Alternatives To Hazardous Waste
Common Natural Cleaners
There are many ‘natural’ products, which can be used to clean your house instead of chemical cleaners, or, these natural products can be ‘combined’ to create many environmentally friendly alternatives.
The substantial cleaning powers of baking soda reach far beyond its role as a fridge deodorizer.
- Scouring Powder: Baking soda works as a non-abrasive scouring cleaner on countertops and ovens, and in bathtubs and sinks. It also rids clothes of perspiration odours when used in conjunction with laundry detergent in the washer.
- Laundry: The next time you do laundry, try adding 1/2 cup to a cup to your load.
- Vacuuming: Before you vacuum, sprinkle it on your carpet as a deodorizer.
Washing soda, also known as sodium carbonate, is in the same family as baking soda but it is much more caustic. It is available in the laundry section of the supermarket. Even though it is a natural product, wearing gloves when you use it, is recommended. Here are several ways to make use of this very helpful mineral:
- Grease Cutter: Washing soda is great at cutting grease, getting wax or lipstick out of clothing, and neutralizing odours.
- Soot Cleaner: Mix 2 tablespoons of washing soda to 2 cups of hot water. Wash sooty areas with a sponge and the mixture. Let dry and then rinse.
- Stove Burner Grime Cleaner: Fill a sink or pail with 1 cup of washing soda and enough hot water to cover the pans. Soak the pans overnight.
- Heavy Duty Cleaner: Make a thick paste of washing soda and water. Smear it on the problem area; let dry and then rinse. Note that washing soda can peel wax off a floor, and is often used as a paint stripper, so make sure the place being cleaned is inert.
- Paint Stripper: Follow directions for above.
- All-Purpose Cleaner: Combine 1 teaspoon of washing soda with 2 cups of hot water in a spray bottle. Spray and wipe as you go, using as you would any commercial all-purpose cleaner.
Lemon juice is another natural substance that can be used to clean your home. Lemons are acidic and can provide some antibacterial and antiseptic properties for cleaning. The acid in lemon juice neutralizes hard water deposits, dissolves buildup and dirt on wood, and tarnish on silver.
- Cleaning Copper / Brass: Copper fixtures can also benefit from a lemon juice cleaning. Cut a lemon in half. Dip it in some salt, and clean spots from your copper.
- Countertops: Countertop stains can be removed by allowing lemon juice to sit on the stain for a few minutes. Scrub the area with baking soda and watch the stains disappear. Don’t leave the lemon juice sitting for too long. It can be powerful stuff.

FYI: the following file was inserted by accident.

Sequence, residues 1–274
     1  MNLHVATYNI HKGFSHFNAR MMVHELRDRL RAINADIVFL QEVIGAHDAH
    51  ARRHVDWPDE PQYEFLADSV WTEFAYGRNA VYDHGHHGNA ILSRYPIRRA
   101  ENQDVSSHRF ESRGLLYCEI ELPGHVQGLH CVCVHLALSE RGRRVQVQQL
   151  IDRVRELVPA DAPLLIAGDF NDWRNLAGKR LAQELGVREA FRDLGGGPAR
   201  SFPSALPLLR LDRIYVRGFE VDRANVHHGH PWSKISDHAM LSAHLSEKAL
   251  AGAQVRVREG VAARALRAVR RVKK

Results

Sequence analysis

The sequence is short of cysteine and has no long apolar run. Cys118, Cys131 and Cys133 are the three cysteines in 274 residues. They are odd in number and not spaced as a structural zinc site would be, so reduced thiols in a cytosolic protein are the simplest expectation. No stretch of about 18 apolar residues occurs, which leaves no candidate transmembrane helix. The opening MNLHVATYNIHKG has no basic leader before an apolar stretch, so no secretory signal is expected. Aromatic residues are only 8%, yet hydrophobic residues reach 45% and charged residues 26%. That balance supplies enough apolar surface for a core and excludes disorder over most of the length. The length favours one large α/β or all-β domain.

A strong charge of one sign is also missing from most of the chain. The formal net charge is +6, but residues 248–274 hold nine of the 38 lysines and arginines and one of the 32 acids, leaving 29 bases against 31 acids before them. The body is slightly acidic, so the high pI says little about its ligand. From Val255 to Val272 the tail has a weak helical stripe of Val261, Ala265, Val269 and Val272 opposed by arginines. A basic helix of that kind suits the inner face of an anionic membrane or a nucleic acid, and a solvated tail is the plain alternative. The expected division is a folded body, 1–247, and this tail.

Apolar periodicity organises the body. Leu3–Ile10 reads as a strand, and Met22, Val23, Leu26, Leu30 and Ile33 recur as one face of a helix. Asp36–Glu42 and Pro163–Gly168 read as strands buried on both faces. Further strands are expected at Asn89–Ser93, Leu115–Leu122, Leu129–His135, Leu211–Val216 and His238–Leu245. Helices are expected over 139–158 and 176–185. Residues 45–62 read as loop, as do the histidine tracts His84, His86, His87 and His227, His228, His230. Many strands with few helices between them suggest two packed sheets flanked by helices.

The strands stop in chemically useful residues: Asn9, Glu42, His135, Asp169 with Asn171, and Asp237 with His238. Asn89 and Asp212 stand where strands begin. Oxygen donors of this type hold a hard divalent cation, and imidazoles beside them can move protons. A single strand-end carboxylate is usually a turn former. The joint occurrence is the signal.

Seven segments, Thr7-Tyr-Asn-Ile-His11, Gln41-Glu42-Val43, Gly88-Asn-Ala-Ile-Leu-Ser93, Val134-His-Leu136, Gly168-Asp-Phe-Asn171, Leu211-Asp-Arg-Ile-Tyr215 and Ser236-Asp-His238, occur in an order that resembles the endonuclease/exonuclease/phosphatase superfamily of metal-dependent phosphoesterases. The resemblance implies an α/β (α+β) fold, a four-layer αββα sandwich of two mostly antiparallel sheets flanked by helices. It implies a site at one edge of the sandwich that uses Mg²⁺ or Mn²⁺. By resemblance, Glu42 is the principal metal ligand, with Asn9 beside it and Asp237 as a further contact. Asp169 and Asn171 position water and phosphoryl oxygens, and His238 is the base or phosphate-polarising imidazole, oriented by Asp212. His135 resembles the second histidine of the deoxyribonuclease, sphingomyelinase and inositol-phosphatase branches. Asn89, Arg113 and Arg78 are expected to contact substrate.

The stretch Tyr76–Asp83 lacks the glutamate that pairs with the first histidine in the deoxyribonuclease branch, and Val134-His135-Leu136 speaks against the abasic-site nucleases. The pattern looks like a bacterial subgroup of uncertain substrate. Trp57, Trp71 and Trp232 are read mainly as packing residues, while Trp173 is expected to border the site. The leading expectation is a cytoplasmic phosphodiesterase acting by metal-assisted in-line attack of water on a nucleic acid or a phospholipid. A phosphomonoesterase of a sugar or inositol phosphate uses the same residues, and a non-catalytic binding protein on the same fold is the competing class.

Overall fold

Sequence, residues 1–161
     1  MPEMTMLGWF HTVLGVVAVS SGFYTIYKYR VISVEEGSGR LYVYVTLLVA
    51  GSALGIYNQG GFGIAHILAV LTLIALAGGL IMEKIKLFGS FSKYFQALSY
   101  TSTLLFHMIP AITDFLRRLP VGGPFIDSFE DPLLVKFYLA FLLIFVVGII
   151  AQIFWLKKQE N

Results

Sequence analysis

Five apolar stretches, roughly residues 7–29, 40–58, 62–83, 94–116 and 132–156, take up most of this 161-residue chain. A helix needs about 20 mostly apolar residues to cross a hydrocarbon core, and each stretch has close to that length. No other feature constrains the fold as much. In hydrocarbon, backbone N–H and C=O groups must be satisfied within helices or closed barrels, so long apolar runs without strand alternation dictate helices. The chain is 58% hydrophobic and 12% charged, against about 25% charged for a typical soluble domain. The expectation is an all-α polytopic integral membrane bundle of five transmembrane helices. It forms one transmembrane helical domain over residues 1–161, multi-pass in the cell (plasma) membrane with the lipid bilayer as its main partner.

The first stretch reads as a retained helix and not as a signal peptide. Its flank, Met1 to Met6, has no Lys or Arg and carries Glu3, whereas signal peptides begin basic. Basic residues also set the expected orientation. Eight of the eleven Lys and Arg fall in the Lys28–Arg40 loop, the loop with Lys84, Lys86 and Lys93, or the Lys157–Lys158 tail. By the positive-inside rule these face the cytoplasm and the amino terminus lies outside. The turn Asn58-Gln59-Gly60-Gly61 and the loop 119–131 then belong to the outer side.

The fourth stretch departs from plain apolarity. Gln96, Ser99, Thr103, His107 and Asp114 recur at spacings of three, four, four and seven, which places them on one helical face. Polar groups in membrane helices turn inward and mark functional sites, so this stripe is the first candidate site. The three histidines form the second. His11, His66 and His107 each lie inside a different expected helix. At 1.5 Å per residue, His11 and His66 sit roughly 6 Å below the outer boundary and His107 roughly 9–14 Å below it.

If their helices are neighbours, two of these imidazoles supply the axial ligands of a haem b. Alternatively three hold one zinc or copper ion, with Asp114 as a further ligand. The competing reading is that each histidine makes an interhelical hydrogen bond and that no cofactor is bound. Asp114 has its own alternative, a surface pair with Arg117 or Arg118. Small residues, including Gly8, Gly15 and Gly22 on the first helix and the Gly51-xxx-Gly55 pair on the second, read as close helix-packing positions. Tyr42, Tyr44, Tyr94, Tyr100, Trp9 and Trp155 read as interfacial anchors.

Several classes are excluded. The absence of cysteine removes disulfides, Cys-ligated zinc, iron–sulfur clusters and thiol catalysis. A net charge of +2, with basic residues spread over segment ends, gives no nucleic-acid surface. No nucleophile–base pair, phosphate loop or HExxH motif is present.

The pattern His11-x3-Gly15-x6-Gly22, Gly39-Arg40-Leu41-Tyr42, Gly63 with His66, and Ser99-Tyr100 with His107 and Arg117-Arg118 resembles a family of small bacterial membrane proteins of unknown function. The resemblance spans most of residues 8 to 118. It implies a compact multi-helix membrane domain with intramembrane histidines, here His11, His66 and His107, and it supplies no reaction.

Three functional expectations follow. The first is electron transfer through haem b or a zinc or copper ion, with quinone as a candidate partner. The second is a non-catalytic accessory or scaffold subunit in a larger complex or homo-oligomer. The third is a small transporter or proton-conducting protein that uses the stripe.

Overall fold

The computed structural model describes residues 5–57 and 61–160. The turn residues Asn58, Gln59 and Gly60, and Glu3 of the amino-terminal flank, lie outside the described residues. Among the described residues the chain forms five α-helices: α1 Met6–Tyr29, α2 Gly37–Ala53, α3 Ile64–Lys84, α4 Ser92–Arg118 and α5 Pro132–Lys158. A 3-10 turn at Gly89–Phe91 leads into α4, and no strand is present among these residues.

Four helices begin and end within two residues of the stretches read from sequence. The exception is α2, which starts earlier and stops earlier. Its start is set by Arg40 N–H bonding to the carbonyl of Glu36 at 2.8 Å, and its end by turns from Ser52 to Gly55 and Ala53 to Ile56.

- Paste: Lemon juice can be mixed with vinegar and or baking soda to make cleaning pastes.
- Bleaching: Lemon juice acts as a natural bleaching agent. Put lemon juice onto white linens and clothing and allow them to dry in the sun. Stains will be bleached away.
- Furniture Polish: Mix 1 cup olive oil with ½ cup lemon juice and you have a furniture polish for your hardwood furniture.
White vinegar can be used in place of lemon juice. The infamous strong smell dissipates as the vinegar dries.
- Window Cleaning: White vinegar and newspaper make a great combination when it comes to cleaning windows and glass – inexpensive and doesn’t streak!
Lawn and Garden Alternatives
- Pesticides: When planting, mix in pest-resistant plants such as yarrow, thyme and marigolds. Chop garlic cloves and sprinkle around the base of flowers and garden plants.
- Herbicides: Each spring, spread a light layer of topsoil and/or compost across your lawn as evenly as possible. This introduces nutrients and organic matter to the existing soil. Let your grass grow longer. This shades the soil and inhibits weed germination. Pull weeds instead of using chemical control. Aerating your turf will relieve soil compaction and allows the lawn to breathe.
- Plant Insecticides: Use a non-chemical compound such as a solution of 15 ml (3 teaspoons) of pure soap per 4 litres (1 gallon) of water. Store the mixture in a spray bottle, clean leaves with it and spray directly on any insects.
Paints and Solvents Alternatives
- Paint: Use latex or water-based paints whenever possible as they do not require thinners and solvents. Before disposing of empty oil-based or enamel paint cans, take outdoors, remove lids and allow the left-over contents to air dry and harden. Ensure pets and children are kept away.
- Strippers: Use a heat gun and sander instead of paint and varnish remover.
- Motor Oil: Purchase recycled (re-refined) oil instead of refined oil.
- Batteries: Use solar-powered or rechargeable batteries.
- Aerosols: Use non-aerosol cleaning and grooming products such as pump sprays, pastes and gels.